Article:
APF volunteers inspect vetiver plantations in Fondwa. These plants are not vulnerable to droughts and protect the soil against erosion.

In the early 1900s, forests covered nearly 60 percent of Haiti. Today, they cover less than 2 percent due to deforestation. Since most Haitians still depend on wood and charcoal as their primary fuel source, deforestation will continue until the government enforces regulation and provides alternative fuel. Deforestation has led to soil erosion, which has decreased agricultural yields and resulted in deadly landslides.

The reconstruction and redevelopment of Fondwa and APF is a long term effort that must be driven, managed, and sustained by the people of Fondwa. APF embraces community development and understands that protecting the environment can lead to a more prosperous economy. APF also believes that the work done in Fondwa can serve as a model for all of rural Haiti and other global communities.

APF has organized many tree-planting projects, and continues to educate the peasants on this issue. Our friends from Cuba spent several years working with us on agriculture, animal husbandry, and reforestation.

Creation of 10 Irrigation Reservoirs


Time will be devoted to building 10 open pit water reservoirs to be used for the irrigation of the crops and the fields. Historically, there has been no irrigation in Fondwa and this has resulted in the past in loss of crops and economic disaster for the peasants, in the years of severe drought. The reservoirs will receive runoff water from the drainage ditches along the Fondwa road (the road that leads to the village) and they will be adjacent to the first 5 km of the road between Anbatonel and the Catholic church at Twou Kofi, on a location selected and suggested by the Peasant Association of Fondwa.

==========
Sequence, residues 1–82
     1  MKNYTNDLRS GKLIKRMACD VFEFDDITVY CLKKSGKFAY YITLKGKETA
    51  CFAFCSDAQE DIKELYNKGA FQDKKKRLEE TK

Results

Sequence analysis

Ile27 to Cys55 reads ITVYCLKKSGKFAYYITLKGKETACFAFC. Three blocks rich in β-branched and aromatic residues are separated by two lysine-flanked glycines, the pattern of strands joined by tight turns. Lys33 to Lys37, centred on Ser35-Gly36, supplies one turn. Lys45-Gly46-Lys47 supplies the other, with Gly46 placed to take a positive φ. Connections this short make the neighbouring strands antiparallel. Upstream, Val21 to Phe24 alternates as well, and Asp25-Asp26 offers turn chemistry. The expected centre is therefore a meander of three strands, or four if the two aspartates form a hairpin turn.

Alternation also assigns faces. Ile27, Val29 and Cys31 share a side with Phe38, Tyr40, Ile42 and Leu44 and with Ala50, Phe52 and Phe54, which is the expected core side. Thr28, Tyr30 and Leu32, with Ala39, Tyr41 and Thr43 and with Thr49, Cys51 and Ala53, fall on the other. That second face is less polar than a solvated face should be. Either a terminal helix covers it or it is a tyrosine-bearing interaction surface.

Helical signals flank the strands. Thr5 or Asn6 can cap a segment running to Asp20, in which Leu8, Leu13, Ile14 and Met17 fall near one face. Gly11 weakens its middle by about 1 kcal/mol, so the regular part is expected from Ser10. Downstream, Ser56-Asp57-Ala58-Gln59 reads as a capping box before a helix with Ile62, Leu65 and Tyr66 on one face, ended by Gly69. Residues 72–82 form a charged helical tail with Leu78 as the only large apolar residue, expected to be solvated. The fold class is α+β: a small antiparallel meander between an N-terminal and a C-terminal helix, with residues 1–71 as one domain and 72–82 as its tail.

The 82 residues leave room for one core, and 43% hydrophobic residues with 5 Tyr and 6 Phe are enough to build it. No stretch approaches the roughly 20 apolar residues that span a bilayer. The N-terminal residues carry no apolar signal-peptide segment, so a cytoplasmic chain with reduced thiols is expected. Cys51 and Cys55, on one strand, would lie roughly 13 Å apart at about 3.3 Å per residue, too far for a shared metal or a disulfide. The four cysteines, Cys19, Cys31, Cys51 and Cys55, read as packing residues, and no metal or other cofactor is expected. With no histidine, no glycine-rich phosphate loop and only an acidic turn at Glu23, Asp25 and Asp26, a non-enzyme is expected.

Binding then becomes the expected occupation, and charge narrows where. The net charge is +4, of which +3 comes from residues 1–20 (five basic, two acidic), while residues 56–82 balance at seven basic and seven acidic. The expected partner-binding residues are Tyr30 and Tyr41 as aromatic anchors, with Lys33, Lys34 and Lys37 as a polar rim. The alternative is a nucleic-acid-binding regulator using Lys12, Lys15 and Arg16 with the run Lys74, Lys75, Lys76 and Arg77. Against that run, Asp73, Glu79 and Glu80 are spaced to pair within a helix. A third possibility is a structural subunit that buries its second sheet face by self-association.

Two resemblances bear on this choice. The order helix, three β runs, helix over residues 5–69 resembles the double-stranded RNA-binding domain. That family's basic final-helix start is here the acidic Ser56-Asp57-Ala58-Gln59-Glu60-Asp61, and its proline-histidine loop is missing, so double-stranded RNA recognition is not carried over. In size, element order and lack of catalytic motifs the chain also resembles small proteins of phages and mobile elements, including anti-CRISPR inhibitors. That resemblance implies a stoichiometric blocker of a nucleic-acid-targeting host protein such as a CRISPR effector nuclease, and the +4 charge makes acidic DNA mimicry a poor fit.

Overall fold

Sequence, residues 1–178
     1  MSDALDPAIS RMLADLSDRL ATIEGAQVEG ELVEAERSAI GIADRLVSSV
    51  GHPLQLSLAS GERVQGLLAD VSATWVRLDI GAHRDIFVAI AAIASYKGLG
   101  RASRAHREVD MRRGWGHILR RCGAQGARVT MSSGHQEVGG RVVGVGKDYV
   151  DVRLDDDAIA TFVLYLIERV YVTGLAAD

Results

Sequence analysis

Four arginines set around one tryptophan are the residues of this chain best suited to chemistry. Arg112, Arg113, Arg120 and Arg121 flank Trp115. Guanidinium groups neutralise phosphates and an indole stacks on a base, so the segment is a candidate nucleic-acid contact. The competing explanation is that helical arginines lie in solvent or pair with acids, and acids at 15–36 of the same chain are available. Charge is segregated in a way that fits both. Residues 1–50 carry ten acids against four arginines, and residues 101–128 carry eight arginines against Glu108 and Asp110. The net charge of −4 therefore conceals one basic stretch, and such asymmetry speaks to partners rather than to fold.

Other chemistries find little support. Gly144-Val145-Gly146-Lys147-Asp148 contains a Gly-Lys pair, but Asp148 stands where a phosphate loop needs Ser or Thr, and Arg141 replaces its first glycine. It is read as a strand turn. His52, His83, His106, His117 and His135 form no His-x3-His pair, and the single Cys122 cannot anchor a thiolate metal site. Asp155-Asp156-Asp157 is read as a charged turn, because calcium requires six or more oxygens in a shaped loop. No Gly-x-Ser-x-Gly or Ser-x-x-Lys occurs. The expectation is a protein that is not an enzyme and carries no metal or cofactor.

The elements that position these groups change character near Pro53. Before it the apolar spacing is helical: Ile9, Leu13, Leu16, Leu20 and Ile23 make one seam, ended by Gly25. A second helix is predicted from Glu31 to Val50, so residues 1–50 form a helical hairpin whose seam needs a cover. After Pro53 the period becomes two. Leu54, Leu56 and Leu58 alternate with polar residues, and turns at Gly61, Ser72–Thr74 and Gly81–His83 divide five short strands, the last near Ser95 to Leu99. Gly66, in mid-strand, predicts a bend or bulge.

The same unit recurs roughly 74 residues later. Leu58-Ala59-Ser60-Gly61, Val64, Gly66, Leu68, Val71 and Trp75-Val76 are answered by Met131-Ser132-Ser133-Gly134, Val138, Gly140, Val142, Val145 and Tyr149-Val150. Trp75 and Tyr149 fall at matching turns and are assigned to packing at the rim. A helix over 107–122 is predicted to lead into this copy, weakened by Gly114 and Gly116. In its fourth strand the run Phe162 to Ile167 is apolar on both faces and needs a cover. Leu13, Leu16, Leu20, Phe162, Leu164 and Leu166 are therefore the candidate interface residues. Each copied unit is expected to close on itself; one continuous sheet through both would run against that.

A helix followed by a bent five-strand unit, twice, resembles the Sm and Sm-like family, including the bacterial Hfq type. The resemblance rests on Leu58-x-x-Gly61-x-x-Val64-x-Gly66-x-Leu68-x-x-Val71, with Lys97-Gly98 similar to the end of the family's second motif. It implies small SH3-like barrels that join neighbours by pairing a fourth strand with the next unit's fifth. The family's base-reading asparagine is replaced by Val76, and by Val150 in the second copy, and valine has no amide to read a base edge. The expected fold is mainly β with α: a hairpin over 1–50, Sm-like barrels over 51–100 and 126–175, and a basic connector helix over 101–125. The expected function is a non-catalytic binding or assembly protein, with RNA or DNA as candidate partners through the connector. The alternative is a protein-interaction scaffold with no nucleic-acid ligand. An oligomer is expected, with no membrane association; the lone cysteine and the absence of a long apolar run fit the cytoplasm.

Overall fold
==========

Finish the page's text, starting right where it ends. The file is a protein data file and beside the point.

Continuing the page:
In the past, there have been years of dry seasons. At these times, the peasants have lost their crops. Farming is their main source of food and income. Irrigation reservoirs will help them prevent future devastation by collecting rainfall runoff and storing it for times of need. The use of the reservoirs will lessen the impact of severe soil erosion, a very serious problem in the mountains of Haiti.

Additionally, there is a number of agricultural projects in the area, which require a constant water source, such as the reforestation nurseries and kitchen vegetable gardens already being implemented by our local partner. The building of the reservoirs will facilitate these projects, something which will undoubtedly contribute to the well being of the participants.

The implementation of activity 2 will result in the building of 10 open pit reservoirs, which will provide the beneficiaries with accessible water for the irrigation of fields and crops, irrigation of kitchen vegetable gardens and nurseries, but also the watering of available livestock. It is anticipated that 10 farmers on whose farms the reservoirs will be dug and their families (approximately 80 people) will benefit from this activity, alongside 600 more people, as each reservoir will bring water to an additional nine farms.

The implementation of the activity, will be structured as follows:

  • Initial training for outreach workers and community education regarding the importance of crop irrigation. The outreach workers will be available to provide support and know how to the beneficiaries during project implementation.
  • Selection of beneficiaries and sites.
  • Training in building, using and maintaining the water reservoirs.
  • Procurement of materials and equipment and subsequent construction (digging, pipe laying, concrete work. The construction of the water reservoirs, which will be subcontracted, will be supervised by an engineer at all times.
  • Evaluation.
  • Follow up regarding compliance with conditions of participation of beneficiaries, which will be specified beforehand.
  • Follow up regarding proper use and maintenance.

In selecting sites for the construction of the reservoirs, selection criteria will be elaborated prior to implementation, with the close cooperation of the Peasant Association. Priority will be given to areas, where members have an active history of participation in the projects of the association, in order to multiply results. Laborers will be recruited from the region and participants will be involved directly in the implementation of the activity

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    Asosyasyon Peyizan Fondwa
    11 Rue Stephen
    Coin Delmas 60
    Port-au-Prince, Haiti
    Phone: 509 28 13 1926